While Villalobos is one of many animal rescue organizations working in the city, the TV show gives them a unique spotlight. As the family sees it, that exposure also raises the stakes for their work.
Many people seek them out for dog adoptions, but the number of dogs that come their way has dramatically increased as well. Sometimes, they find dogs tied to the fence at their facility. They’ve found puppies left in buckets by their doors.
“In California, we were in a small town and it was different,” said Torres. “Here, it’s in our face, dogs are everywhere and we’re suckers for them.”
The family started Tahyo Tavern and the Tahyo store to diversify the funding they bring in for the program and to look out for the future of their mission. They know, Harmony said, that “the TV show won’t be around forever.”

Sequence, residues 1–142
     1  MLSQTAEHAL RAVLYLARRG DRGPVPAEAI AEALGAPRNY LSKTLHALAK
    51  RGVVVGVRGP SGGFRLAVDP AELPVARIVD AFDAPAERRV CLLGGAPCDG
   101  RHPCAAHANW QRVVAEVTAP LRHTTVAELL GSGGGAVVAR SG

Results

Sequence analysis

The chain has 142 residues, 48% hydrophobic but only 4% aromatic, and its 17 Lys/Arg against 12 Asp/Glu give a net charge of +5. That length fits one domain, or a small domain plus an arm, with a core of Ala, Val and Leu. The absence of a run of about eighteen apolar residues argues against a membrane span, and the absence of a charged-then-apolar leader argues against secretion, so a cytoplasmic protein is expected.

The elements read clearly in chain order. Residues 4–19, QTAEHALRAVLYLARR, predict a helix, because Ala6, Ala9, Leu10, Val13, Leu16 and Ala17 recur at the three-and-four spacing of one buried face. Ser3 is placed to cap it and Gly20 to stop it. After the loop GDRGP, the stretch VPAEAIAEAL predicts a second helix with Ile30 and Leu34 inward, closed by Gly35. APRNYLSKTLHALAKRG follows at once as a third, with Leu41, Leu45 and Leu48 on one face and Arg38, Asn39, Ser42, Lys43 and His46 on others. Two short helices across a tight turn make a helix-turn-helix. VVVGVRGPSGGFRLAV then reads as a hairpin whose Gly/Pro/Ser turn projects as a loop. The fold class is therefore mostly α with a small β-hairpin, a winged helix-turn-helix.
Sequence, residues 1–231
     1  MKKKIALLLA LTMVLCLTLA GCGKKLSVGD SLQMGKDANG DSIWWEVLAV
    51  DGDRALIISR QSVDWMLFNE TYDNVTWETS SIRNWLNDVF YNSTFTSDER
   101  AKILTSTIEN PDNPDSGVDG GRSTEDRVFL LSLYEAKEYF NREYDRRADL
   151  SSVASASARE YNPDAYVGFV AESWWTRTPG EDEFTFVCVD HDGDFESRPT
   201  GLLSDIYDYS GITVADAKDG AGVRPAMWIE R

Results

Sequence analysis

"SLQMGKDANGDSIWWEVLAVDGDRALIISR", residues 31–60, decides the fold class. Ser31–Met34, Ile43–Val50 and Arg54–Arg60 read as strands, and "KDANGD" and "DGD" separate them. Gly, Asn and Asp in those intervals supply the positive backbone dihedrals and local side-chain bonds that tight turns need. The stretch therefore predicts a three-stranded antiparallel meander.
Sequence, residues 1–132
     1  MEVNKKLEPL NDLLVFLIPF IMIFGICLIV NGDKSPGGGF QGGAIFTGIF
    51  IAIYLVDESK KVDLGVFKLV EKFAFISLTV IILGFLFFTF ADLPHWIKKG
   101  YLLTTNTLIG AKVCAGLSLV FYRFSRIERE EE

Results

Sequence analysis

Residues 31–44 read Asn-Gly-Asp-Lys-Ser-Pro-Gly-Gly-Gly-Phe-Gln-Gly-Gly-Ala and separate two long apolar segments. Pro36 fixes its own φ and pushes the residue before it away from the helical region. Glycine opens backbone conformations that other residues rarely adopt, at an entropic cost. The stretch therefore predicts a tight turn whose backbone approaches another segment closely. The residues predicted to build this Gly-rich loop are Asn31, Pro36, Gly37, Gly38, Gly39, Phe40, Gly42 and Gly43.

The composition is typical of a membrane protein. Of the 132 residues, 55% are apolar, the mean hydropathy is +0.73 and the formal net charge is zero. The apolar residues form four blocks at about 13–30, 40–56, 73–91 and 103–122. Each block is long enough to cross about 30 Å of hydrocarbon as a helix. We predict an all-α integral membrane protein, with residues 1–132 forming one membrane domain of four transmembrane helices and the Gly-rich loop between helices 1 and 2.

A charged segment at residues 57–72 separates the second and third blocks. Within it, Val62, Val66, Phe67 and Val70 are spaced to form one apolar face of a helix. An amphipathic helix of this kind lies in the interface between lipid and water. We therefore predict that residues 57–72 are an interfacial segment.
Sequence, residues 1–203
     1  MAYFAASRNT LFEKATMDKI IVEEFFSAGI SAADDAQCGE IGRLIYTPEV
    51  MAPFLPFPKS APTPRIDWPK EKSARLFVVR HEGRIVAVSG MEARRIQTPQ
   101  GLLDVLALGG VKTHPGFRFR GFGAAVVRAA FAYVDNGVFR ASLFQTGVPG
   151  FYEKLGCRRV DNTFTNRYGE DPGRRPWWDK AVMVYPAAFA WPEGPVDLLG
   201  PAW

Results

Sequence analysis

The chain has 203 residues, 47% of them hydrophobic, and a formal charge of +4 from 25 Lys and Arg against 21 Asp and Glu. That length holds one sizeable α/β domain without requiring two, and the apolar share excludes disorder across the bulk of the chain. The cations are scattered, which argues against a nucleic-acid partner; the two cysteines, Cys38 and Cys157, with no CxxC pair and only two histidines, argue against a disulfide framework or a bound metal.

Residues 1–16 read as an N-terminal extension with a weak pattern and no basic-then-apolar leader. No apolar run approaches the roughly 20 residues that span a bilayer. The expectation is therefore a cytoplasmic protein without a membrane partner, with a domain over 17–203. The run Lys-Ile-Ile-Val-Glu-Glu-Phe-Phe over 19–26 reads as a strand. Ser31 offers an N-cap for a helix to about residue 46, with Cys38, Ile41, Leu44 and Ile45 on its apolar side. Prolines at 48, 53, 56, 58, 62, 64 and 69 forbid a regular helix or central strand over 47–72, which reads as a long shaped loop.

The social atmosphere of the tavern, though, also has side benefits for the multi-tasking staff. The walls here are covered with paintings and photos of dogs the family has rescued over the years, like a gallery of their old canine friends and success stories, and the bar is filled with like-minded animal lovers.
“We see a lot of sad and devastating things that can make it hard to sleep at night,” said Lizzy Scollo, a family member who works for the rescue program. “Coming here and seeing a happy place, it makes a difference.”
1140 Decatur St., 504-301-1991
Sun.-Thu.: 11 a.m.-11 p.m.; Fri. and Sat: 11 a.m.-midnight
1224 Decatur St., 504-218-8337
Daily 11 a.m.-6 p.m.